As a firmly established style of music, black metal is easily recognizable to most extreme music fans. Its second-wave incarnation, led by bands like Darkthrone, Mayhem, Burzum and Immortal has set the template for what black metal is supposed to sound like. But there are also a number of crucial acts that set the stage for the second wave just before it crashed. Before the music could be summed up in a series of bullet points (buzzsaw guitars, screeching vocals, lots of reverb), these bands took bold creative risks that allowed this music to exist.
Inspired by bands like Bathory, Celtic Frost and Sarcofago, a few bands emerged in the late 80s that gave us some of the cherished stylistic hallmarks of this dark and insane music. This includes Rotting Christ, Blasphemy and Master’s Hammer, but Switzerland’s Samael must be considered as well. And while some of Samael’s later works would prove to be masterpieces in their own right, 1991’s Worship Him is one of black metal’s defining statements. As we wrote in 2014:
Whereas the Scandinavian version of black metal was highly imitable by the late ’90s—not just by the Scandinavians either—Samael’s Worship Him was singular. Then and now. As such, it’s nearly as forgotten as the heart of darkness, the abyss of abysses. Well, no longer!
Singular is definitely the operative word here. Worship Him is a dynamic record, featuring several different tempos and moods, but with a consistent air of darkness and mystery throughout. Another feature is the consistent use of flanger effects that give the guitar a sound almost unheard of in black metal since (though you can hear it in some Gorgoroth and Immortal songs as well). Here is how I would order the songs, from awesome to awesomest:
This is basically an ambient transition track. Nothing wrong with that! But as usual, it’s not really fair to judge it alongside the other songs.
“Rite of Cthulhu”
A guitar-based version of the above.
“Knowledge of the Ancient Kingdom”
The songs on Worship Him can be roughly divided into “fast rippers” and “slow dirges.” While slow, plodding tempos have their place in black metal, I’d say they represent the weaker songs on this album. “Knowledge of the Ancient Kingdom” fits well when listening to the album from back-to-front, but would be the last song I’d choose to listen to on its own.
“Into the Pentagram”
I feel almost the same way about this song, though the riffwork here is much more interesting.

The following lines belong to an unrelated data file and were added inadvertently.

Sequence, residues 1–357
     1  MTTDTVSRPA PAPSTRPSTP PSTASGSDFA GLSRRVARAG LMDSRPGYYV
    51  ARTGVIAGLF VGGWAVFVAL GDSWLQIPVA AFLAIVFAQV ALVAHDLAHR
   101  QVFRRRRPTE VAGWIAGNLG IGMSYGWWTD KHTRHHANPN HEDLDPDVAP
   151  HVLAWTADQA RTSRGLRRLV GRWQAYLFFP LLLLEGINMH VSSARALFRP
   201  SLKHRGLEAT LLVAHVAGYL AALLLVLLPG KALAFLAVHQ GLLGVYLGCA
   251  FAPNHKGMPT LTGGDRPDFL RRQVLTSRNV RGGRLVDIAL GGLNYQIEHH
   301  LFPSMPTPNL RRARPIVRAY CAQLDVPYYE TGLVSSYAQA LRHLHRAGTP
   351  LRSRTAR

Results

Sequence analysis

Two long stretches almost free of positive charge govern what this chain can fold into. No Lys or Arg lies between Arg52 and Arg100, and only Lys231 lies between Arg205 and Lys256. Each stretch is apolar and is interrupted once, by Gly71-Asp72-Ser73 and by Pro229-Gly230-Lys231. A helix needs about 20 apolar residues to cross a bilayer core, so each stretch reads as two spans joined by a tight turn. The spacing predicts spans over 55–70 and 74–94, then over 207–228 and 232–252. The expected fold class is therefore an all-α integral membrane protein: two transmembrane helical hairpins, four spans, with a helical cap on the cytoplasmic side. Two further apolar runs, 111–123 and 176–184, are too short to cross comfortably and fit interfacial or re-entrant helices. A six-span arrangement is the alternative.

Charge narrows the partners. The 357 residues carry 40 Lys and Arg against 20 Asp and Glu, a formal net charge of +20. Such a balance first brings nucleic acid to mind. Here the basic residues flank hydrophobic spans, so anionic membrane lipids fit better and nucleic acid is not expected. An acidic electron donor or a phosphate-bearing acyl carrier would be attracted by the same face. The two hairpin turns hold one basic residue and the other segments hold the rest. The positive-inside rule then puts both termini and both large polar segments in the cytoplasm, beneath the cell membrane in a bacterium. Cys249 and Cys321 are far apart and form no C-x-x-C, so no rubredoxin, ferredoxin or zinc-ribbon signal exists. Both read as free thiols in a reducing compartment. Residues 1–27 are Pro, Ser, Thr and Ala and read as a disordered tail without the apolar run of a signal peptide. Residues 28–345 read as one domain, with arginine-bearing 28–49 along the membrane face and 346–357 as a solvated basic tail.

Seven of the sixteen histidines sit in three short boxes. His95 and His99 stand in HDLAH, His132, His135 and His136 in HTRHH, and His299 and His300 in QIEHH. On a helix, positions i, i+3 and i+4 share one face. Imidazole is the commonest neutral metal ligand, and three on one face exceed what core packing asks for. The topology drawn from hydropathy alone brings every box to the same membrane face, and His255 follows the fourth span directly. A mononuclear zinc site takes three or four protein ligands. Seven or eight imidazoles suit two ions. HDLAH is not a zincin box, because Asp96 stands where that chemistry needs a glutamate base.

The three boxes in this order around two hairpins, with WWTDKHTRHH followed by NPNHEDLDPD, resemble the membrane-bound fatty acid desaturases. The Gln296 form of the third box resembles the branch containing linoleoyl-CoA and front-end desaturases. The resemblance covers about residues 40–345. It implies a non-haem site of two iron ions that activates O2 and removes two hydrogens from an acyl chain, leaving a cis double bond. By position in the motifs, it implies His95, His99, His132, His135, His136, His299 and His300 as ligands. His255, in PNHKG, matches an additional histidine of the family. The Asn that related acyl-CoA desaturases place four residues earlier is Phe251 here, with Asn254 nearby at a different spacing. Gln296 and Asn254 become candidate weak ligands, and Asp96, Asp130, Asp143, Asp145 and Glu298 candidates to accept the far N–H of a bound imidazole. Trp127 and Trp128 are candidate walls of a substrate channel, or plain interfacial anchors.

“Messenger of the Light”
Sometimes to build a cohesive work of heavy metal art, it’s good to have some short songs to break the listen up a bit and add to the greater atmosphere of the album. The spooky “Messenger of the Light” is a good example of this, from the song’s tempo to its lyrics: “Beyond the Styx and Acheron / Beyond the kingdom of Hades / I am the envoy of the son of the dawn.”
My rule of leaving instrumental tracks out of the running changes of course when the song is longer and meant to stand on it’s own. It’s a true testament to the band’s creative abilities that they could write an instrumental track that’s more than four minutes long and keep the listener’s attention. A thrilling end to a thrilling album.
Of all the album’s slower moments, the title track is certainly the best. The riff is so simple, and yet creates a rich atmosphere of candles, chants, blood and spirits than endless sweep picking could never accomplish. And it’s fitting, since the song’s lyrics read like a prayer to the dark one himself: “He is life, He is death / He is virtue, He is vire / He is the flame of reason / He is the verbe of our thoughts / He is the justice of our trials / He is the gallows of the infidels.”
The last three songs on this list are basically a trio of perfect black metal songs. “Morbid Metal” has everything I’d want in a black metal song: great guitars, tempos that keep you engaged, and howling vocals that sound like ghosts shrieking in the night. Gotta love those tom rolls on the drums tho too, amirite!?
“Sleep of Death”
With some notes of creepy ambience and a roll of the drums, “Sleep of Death” starts the album off in glorious fashion. The song strikes you at once as deeply influential on the black metal sound we know today, but also very unique in that no imitators have really matched it. Funny, I think Fenriz from Darkthrone once bemoaned the fact that more bands didn’t try to rip off Samael! If anyone wanted to, I’d suggest they start with Vorphalack’s almost gleeful grunt: “POWer, POWer, POweeer!!!”
“The Black Face”
For someone who places black metal as his favorite sub-genre, “The Black Face” is the ultimate win: perfect vocals, perfect riffs (including some fantastic use of palm-muting), perfect drums…there’s even cowbell!!! Everything we associate with black metal’s atmosphere is captured in one of it’s earliest examples. Upon listening, you can’t help but conjure epic battle scenes, flames at a great ritual, or the end of the world as we know it…which is fitting since that seems to be what the song is about:
“The earth will shake
The earth will burn
The skies will rumble
The moon will turn”
So for those of you looking to catch up on black metal classics that came before 1992, go ahead and spin Fallen Angel of Doom, Ritual and Anno Domini, but be sure to make some time for this essential serving of darkness as well.